Under the shadow of heavy police surveillance, around 20 close friends of China’s late Nobel laureate Liu Xiaobo have held a defiant private memorial in Beijing.
Since the prominent democracy activist died of liver cancer in custody last week, his Chinese supporters say they have been barred from leaving their homes or organising commemorative events, while censors have blocked online tributes.
But on the seventh day following Liu’s death — an important milestone for the deceased in traditional Chinese culture — the group gathered Wednesday evening for a two-and-half-hour ceremony in which they shared memories of the man.
“Xiaobo is gone, but we are still alive,” Jin Yan, one of the attendees, said at the memorial, according to a statement released by the organisers on Thursday.
“During the democracy movement in Eastern Europe, many people were killed or sent to the mental hospital. But they had a saying within the movement: between the living and the dead, there’s a moral contract. The living has an obligation to complete what the dead started.”
Public gatherings to commemorate the deaths of prominent dissidents are rare.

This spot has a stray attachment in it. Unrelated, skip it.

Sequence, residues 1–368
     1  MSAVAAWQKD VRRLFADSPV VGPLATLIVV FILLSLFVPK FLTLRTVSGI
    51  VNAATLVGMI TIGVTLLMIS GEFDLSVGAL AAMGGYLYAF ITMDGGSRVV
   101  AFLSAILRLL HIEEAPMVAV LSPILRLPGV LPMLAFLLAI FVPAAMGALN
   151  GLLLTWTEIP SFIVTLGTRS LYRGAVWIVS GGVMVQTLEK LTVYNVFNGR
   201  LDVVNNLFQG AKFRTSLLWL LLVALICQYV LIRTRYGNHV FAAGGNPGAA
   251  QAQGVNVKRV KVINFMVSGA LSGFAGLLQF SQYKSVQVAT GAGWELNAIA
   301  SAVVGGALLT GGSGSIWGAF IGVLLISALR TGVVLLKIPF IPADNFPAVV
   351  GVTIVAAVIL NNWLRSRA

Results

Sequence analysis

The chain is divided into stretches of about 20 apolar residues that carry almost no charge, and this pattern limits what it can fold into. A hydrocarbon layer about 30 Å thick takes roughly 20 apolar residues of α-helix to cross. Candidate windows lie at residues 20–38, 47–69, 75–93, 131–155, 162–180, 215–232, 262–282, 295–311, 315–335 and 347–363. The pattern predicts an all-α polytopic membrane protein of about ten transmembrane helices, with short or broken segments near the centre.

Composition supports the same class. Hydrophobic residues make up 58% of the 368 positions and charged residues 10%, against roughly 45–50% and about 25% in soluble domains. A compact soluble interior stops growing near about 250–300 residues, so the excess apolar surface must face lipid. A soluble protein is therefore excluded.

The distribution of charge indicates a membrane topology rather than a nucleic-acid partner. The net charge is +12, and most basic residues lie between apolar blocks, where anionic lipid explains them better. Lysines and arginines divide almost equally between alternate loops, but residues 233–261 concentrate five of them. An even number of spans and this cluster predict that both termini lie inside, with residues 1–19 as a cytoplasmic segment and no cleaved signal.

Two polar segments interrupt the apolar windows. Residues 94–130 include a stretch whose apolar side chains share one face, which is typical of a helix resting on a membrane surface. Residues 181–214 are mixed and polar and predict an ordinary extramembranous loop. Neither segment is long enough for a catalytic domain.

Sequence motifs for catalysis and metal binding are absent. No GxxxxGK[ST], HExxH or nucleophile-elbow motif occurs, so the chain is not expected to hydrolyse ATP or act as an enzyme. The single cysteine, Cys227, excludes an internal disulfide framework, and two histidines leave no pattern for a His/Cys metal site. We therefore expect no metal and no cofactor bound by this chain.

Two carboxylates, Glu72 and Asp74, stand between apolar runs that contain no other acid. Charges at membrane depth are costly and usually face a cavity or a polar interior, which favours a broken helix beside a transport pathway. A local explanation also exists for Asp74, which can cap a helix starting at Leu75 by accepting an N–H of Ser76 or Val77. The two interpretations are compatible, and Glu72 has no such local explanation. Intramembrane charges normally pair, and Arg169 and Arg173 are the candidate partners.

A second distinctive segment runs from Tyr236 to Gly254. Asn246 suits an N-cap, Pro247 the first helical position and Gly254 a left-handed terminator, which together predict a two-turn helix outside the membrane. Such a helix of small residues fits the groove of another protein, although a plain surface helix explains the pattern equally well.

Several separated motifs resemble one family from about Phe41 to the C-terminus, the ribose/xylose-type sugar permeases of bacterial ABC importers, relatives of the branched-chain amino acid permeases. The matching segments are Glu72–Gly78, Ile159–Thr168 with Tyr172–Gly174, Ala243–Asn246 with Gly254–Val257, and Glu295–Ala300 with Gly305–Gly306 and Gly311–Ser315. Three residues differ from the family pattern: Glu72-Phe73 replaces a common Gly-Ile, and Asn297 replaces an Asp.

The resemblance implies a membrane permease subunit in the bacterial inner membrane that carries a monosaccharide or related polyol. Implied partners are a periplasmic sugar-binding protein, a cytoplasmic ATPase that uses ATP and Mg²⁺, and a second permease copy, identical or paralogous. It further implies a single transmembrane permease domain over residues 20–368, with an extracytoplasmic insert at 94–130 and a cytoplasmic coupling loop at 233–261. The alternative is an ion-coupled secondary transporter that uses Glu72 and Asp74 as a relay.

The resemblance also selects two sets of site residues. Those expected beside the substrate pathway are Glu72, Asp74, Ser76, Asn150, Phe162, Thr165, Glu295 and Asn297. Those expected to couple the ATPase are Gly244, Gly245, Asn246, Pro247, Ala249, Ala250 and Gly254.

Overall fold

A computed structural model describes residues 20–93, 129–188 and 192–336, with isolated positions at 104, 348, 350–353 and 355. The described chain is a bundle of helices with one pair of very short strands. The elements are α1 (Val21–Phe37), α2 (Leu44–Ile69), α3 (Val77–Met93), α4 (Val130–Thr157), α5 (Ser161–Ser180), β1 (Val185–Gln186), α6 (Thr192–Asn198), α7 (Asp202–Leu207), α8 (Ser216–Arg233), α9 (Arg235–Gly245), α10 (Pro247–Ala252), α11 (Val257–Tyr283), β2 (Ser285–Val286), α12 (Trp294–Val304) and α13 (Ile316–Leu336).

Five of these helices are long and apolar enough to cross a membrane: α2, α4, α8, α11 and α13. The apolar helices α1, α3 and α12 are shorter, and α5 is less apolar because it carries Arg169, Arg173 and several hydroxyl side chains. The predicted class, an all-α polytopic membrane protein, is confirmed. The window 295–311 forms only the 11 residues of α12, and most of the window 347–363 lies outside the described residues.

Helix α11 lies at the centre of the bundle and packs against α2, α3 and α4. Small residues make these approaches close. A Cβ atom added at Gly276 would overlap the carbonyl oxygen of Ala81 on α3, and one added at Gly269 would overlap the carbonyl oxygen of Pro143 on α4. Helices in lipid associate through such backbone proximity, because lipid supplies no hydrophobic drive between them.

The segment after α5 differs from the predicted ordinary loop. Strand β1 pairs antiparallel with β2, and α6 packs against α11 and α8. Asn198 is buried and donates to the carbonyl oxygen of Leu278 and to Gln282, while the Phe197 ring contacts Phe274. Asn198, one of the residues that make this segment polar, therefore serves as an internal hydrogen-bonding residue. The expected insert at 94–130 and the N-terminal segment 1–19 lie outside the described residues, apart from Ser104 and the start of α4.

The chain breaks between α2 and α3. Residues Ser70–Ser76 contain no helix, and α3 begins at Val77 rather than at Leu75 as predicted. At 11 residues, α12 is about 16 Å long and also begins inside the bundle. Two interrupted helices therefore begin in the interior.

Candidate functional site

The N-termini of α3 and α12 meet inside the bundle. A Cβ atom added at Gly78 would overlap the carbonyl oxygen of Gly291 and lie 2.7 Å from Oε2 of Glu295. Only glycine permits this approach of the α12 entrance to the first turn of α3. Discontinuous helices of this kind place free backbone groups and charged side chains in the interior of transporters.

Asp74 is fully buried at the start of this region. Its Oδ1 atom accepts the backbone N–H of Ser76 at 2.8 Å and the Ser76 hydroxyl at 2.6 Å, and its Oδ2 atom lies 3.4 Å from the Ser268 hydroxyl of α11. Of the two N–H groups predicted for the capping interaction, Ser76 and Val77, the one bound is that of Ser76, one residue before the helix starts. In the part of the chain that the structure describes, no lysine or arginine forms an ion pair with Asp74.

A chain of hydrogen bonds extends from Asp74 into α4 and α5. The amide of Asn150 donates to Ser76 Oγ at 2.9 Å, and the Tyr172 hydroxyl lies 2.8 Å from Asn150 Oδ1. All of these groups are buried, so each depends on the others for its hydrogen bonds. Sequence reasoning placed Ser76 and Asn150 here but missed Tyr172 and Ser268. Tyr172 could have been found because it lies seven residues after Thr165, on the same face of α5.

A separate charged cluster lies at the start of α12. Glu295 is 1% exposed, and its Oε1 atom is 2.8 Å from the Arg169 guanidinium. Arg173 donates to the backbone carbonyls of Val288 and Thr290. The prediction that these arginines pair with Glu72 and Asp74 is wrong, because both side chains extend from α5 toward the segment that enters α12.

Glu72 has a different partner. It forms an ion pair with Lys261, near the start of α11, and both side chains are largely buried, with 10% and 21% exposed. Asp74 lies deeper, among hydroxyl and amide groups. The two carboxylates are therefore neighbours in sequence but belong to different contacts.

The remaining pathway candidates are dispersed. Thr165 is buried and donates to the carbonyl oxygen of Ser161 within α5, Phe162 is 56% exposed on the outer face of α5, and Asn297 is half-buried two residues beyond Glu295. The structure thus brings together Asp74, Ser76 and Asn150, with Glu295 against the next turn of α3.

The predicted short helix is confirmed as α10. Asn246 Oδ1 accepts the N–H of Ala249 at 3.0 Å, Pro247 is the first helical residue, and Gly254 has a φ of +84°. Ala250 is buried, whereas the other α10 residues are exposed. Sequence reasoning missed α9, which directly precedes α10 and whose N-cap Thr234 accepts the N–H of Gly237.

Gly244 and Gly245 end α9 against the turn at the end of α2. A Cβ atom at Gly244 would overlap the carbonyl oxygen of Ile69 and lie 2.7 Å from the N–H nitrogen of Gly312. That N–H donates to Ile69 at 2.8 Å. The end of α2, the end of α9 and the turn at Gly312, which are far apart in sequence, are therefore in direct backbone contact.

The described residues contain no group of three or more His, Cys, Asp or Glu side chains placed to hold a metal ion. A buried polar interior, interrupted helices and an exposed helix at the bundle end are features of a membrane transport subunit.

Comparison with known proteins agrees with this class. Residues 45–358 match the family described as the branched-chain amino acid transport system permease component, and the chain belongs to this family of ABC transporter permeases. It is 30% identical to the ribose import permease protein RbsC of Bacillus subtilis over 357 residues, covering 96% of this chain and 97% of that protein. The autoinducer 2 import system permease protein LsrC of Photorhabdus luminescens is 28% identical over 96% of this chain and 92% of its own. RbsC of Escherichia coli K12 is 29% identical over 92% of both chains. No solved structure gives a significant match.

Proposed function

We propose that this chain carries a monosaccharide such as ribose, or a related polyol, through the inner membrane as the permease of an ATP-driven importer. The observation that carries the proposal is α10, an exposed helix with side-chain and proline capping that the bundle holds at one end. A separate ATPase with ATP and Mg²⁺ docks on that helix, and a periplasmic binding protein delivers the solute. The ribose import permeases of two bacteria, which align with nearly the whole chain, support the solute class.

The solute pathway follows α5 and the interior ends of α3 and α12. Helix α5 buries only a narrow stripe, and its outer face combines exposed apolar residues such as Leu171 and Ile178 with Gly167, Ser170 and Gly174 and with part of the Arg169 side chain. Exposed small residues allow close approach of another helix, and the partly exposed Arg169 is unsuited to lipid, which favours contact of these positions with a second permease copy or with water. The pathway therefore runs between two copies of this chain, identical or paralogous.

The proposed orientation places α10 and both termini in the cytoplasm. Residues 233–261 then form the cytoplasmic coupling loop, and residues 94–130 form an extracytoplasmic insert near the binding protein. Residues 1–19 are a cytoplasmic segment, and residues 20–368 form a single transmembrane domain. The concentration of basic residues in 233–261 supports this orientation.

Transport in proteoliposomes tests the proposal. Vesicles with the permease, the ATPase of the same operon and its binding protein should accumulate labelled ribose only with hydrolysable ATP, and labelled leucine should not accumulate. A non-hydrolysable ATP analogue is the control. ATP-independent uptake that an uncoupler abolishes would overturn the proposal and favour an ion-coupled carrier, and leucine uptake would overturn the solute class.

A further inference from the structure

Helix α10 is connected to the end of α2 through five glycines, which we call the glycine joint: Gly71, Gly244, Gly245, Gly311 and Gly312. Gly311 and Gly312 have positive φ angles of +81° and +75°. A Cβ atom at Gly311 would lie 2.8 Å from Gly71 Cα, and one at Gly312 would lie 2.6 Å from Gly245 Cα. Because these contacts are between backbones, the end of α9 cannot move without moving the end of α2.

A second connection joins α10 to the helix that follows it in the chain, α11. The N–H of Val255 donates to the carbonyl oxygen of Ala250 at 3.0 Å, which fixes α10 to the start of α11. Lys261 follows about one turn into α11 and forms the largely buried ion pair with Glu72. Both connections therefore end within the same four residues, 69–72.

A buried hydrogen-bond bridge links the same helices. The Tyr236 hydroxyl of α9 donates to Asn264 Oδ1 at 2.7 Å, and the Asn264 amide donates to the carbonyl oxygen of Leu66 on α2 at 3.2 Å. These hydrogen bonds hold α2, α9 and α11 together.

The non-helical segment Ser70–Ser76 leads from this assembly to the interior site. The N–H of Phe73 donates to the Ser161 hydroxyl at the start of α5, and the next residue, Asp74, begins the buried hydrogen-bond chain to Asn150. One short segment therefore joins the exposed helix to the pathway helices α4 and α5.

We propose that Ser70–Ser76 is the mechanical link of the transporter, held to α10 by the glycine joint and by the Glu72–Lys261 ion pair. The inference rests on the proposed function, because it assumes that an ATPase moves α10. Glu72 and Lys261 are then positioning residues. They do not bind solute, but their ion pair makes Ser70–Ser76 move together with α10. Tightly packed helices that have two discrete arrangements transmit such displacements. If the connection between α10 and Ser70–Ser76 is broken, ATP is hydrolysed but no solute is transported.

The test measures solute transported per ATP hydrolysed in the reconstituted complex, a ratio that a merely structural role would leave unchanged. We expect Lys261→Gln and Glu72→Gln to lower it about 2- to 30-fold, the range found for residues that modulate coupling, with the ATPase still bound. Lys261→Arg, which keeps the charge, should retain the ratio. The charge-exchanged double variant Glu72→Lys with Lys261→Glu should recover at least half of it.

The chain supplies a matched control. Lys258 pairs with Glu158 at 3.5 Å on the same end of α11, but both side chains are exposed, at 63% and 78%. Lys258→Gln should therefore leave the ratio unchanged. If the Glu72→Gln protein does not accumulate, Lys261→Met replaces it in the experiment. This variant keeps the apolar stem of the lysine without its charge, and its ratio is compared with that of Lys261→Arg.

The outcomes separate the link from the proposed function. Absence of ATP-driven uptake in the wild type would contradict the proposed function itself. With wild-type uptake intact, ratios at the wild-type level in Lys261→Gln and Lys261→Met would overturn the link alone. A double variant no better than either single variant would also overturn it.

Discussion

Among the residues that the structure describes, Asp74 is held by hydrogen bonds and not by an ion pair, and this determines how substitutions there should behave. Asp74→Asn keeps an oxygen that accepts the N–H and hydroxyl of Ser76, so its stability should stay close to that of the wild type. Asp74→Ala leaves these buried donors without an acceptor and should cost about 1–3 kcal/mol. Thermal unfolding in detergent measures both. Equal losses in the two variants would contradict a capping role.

In the past, those who took part in memorials have been subjected to questioning, detention and in some cases even charged with the crime of “picking quarrels and provoking trouble”.
Liu was sentenced to 11 years in prison in 2009 for “subversion” after co-writing Charter 08, a petition calling for democratic reforms in Communist Party-ruled China.
The veteran of the 1989 Tiananmen Square protests was awarded the Nobel Peace Prize in 2010, but he was not allowed to attend the ceremony in Oslo.
Two days after his death, officials released a video of Liu’s wife and relatives lowering an urn containing his ashes into the sea, an untraditional form of burial in China which friends saw as a way to deprive his supporters of a pilgrimage site.
A photo of the event in Beijing shows around 20 people in a room, holding candles and photos of the bespectacled writer. His portrait was placed on a wall, flanked by flowers. Another image shows the group bowing their heads.
An attendee who asked not to be named said state security officers stood guard outside the building, while some mourners were driven to the site in police cars.
Still others were prevented by police from participating in the memorial.
“(Liu) lived just 60 years, with the last 30 years full of frustrations and suffering,” said Xu Xiao, another attendee, according to the statement.
“Rather than say that the regime is too cruel, we may say that Liu Xiaobo was too brave.”
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